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Transborder Immigration Project

July 12, 2008

Dominguez%20AMC.jpg

One of the highlights of this year’s Allied Media Conference in Detroit was learning about the Transborder Immigration Project by Ricardo Dominguez, Brett Stalbaum, Micha Cárdenas and Jason Najarro.
In the true spirit of hactivist art and civil disobedience, this team of San Diego-based artists and scientists has ingeniously reconfigured a Motorola i455 phone into a lifesaving device for immigrants crossing the border between Mexico and US. In their own words, “The goal of the project is to help reduce the number of deaths along the border by developing a common cell phone device into a navigation tool that will help migrants locate life saving resources in the desert such as water catches and safety beacons.”
The device, which is built upon the back of a basic $40 Motorola i455 phone, has a built-in compass, vibrates near water sources, and is gps enabled. In an interview by Corinne Ramey at Mobile Active.org, artist Ricardo Dominguez explains, “What we needed was a really inexpensive telephone, one that we could crack the GPS system, and one that would accept new algorithms.”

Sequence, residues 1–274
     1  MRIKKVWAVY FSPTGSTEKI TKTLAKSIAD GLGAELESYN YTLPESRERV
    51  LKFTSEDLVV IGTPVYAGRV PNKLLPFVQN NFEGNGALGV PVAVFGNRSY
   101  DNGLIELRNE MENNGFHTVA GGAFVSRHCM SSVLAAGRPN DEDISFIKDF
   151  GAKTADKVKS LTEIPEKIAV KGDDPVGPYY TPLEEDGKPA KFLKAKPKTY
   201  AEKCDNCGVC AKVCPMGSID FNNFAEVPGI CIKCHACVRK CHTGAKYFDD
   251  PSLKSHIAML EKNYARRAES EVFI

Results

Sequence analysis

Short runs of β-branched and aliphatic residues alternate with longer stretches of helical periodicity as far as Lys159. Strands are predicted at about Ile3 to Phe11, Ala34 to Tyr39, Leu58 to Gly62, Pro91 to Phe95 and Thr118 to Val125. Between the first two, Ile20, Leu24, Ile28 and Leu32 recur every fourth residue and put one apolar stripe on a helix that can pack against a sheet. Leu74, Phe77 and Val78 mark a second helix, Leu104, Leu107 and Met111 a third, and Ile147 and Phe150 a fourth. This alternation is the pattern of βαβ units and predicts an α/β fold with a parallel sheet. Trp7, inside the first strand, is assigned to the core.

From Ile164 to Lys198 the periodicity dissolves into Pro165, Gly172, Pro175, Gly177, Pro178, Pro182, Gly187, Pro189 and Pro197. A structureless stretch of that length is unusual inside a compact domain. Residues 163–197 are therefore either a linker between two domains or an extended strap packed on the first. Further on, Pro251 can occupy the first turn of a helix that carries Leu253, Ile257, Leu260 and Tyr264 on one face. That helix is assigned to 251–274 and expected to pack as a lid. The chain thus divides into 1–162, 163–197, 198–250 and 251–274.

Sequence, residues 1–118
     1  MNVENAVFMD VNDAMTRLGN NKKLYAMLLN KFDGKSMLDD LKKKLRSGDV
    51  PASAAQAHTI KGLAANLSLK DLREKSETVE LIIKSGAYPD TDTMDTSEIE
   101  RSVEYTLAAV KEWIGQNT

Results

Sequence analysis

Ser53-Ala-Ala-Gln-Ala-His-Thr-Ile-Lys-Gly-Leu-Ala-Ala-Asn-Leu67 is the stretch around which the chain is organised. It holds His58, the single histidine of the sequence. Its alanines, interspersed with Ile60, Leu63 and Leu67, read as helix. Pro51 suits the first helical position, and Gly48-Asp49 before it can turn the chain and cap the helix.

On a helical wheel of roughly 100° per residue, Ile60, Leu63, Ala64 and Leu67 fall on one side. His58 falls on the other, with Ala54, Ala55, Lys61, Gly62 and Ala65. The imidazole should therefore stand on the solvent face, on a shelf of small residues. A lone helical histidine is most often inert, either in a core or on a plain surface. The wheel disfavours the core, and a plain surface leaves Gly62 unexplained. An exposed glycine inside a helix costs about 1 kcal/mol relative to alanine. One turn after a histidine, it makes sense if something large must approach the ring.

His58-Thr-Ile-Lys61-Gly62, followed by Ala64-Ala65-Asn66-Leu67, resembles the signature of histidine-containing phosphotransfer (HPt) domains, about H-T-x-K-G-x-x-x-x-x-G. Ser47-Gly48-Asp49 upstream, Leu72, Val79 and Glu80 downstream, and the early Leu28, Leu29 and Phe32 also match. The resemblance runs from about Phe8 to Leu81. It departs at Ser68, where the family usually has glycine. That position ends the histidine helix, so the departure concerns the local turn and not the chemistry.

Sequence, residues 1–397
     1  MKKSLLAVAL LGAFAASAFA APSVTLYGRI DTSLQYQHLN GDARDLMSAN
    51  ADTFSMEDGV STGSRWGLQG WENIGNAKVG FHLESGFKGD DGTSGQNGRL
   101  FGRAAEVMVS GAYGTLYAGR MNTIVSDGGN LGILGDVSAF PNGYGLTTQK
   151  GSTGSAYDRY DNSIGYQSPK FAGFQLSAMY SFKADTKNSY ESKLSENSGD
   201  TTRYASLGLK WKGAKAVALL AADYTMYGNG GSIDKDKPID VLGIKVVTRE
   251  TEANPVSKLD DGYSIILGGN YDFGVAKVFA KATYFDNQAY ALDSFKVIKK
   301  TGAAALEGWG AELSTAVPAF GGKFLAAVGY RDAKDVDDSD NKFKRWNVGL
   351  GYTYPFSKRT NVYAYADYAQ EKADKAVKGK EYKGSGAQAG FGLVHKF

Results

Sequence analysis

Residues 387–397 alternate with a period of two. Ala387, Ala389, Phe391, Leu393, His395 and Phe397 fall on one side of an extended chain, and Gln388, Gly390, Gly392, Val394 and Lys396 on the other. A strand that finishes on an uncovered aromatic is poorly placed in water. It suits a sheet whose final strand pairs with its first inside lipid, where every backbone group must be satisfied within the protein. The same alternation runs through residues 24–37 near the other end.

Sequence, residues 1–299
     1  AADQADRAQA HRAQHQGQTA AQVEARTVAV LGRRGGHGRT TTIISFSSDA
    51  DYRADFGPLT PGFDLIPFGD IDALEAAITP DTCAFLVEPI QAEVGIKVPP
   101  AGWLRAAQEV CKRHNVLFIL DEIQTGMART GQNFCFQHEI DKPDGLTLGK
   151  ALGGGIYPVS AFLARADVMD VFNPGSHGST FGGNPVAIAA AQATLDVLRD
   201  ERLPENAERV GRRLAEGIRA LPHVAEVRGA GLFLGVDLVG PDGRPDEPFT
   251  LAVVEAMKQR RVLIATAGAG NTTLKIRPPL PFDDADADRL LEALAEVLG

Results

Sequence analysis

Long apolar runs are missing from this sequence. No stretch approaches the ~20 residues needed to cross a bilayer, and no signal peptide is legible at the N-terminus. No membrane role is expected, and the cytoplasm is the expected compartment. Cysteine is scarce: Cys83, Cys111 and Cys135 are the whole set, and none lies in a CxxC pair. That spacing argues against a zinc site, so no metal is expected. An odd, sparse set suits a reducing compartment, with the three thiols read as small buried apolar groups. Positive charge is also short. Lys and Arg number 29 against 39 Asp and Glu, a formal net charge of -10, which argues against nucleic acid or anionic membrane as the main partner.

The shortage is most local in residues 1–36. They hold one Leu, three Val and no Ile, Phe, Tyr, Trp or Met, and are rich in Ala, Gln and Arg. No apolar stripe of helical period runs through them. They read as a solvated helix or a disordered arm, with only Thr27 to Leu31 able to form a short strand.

So far, over 500 phones have been reconfigured that may someday -or perhaps already have helped people with their dangerous journey across the desert.
A facet of the project includes trainings, workshops and solidarity work with immigrant rights groups working on border issues. Yet, one should not lose sight of the “art” and the crucial role that artist’s play in this process by providing the imagination, the practical tools and the skills. Dominguez concludes, “There’s a long history of artists at the border creating gestures that question the very nature of the border….The reason they can’t stop us is that we always frame all these gestures within the poetic frame.”
More on the Transborder Immigration Project:
http://mobileactive.org/artivists-and-mobile-pho
http://va-grad.ucsd.edu/~drupal/node/374

Link to Ricardo Dominguez’s blog:
http://bang.calit2.net/
Other Projects: (Electronic Civil Disobedience)
http://www.thing.net/%7Erdom/ecd/ecd.html

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